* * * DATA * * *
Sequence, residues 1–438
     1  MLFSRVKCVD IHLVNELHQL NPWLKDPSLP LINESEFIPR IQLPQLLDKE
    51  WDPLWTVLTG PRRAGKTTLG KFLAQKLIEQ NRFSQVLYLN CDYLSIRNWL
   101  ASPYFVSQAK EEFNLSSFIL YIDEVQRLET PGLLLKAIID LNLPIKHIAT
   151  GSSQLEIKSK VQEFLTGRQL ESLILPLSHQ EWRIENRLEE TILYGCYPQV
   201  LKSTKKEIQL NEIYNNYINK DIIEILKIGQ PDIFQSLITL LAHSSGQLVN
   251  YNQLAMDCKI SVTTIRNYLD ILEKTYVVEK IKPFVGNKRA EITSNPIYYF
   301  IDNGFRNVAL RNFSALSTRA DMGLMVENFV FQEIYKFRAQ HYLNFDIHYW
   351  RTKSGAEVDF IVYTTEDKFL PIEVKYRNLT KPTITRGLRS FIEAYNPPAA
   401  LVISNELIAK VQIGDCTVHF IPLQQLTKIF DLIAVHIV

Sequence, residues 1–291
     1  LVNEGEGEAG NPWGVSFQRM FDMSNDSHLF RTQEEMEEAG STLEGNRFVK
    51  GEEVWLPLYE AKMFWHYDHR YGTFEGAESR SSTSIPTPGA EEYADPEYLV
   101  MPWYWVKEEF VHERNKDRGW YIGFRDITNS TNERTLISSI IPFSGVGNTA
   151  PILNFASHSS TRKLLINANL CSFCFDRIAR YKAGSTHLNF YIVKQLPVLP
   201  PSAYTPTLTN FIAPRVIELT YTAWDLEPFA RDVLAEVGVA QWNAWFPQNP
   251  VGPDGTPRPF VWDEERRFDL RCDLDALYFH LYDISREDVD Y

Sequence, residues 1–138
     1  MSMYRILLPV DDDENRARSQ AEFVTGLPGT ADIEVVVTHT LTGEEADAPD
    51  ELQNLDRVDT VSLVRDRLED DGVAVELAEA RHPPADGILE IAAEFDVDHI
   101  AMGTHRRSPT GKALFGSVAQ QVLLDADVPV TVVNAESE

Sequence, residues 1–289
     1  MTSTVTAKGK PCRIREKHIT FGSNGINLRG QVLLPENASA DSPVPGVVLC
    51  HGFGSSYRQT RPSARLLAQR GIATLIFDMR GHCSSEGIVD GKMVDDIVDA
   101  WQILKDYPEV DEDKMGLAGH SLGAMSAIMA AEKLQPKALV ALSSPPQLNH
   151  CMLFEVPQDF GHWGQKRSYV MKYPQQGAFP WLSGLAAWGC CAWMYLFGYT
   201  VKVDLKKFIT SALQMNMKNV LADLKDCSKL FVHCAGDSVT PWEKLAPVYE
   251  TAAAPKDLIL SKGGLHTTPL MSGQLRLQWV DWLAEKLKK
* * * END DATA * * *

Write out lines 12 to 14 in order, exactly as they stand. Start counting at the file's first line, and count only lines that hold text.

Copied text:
     1  LVNEGEGEAG NPWGVSFQRM FDMSNDSHLF RTQEEMEEAG STLEGNRFVK
    51  GEEVWLPLYE AKMFWHYDHR YGTFEGAESR SSTSIPTPGA EEYADPEYLV
   101  MPWYWVKEEF VHERNKDRGW YIGFRDITNS TNERTLISSI IPFSGVGNTA